For fans of Spooks, Homeland, McMafia and The Night Manager, the latest thriller in Stella Rimington's bestselling espionage series sees Liz Carlyle investigating a sinister Russian plot – tense, gripping and global in scope
A man lies dying in a hospital in upstate Vermont. The nurses know only that he is an academic at a nearby university but they have been instructed to call the FBI should anyone visit their patient.
News of this suspected Russian illegal soon reaches MI5 in London where Liz Carlyle has been contacted by a top secret source known as Mischa who is requesting a clandestine rendezvous in Berlin.
Meanwhile, in Brussels a Russian sleeper agent who has lived undercover for years is beginning to question his role, while suspicions have been roused about a boarding school in Suffolk that has recently changed hands in mysterious circumstances.
The latest expertly plotted thriller in Stella Rimington's bestselling series, The Moscow Sleepers is a white-knuckle ride through the dark underbelly of international intelligence, simmering political animosities and global espionage.
The visit of a suspected Russian spy to a patient in a Vermont hospice kicks off Rimington's fascinating 10th Liz Carlyle novel (after 2016's Breaking Cover). Alerted by the FBI, MI5 agent Carlyle in the U.K. connects the incident to a shady private school in Suffolk that has recently changed hands. Once a training academy for the British elite, Bartholomew Manor College now enrolls only boys with advanced computer skills from Eastern Europe. Liz soon clashes with the school's headmaster, whose wishy-washy answers do little to ease her suspicions that the school is a training ground for hackers under the direction of Moscow. A poignant subplot concerns the fate of sleeper agents who are set on a life path by Moscow, but then forgotten about with changes in personnel and administration back in the home country. Series fans will be pleased that Liz appears to have a new beau following the death of her former lover a few books ago. While the action flags at times, Rimington, a former director general of MI5, makes fine use of her knowledge of spycraft.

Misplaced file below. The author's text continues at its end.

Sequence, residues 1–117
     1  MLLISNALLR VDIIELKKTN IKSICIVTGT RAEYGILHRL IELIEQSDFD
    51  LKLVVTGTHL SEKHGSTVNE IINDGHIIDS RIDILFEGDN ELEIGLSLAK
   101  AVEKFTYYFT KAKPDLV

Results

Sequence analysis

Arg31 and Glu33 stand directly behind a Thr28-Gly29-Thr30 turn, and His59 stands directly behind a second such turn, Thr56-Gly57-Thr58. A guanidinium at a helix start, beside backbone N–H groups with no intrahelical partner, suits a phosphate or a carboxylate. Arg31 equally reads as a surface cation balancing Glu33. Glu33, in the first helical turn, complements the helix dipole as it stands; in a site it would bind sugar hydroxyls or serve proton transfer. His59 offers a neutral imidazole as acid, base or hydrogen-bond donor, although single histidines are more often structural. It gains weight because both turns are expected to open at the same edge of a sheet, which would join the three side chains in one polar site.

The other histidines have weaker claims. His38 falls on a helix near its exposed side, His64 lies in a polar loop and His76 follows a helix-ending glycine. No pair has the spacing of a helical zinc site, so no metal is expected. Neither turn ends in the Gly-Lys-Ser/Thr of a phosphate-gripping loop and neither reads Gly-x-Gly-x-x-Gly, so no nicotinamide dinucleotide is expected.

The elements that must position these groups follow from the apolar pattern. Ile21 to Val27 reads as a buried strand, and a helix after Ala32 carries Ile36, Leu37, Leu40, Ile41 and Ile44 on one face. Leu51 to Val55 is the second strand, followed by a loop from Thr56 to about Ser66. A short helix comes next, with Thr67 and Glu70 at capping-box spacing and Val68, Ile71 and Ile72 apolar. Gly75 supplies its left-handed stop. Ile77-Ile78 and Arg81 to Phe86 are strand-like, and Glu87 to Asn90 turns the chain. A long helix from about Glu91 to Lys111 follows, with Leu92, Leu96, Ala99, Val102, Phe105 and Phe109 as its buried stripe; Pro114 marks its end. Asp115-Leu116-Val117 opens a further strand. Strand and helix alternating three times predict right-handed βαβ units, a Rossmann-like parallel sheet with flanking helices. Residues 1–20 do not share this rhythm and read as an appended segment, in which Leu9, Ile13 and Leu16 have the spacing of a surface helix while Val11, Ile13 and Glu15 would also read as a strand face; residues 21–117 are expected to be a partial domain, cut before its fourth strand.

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The Moscow Sleepers
Convincing details about the secret service as always. The plot is weak and rambling with few genuinely tense moments. Many of the characters seem to be included simply to pad out the book. There is hardly any real development of the “online world’ and the book is hardly a “white knuckle ride”. This story compares in no way to any of the other excellent Liz Carlyle novels.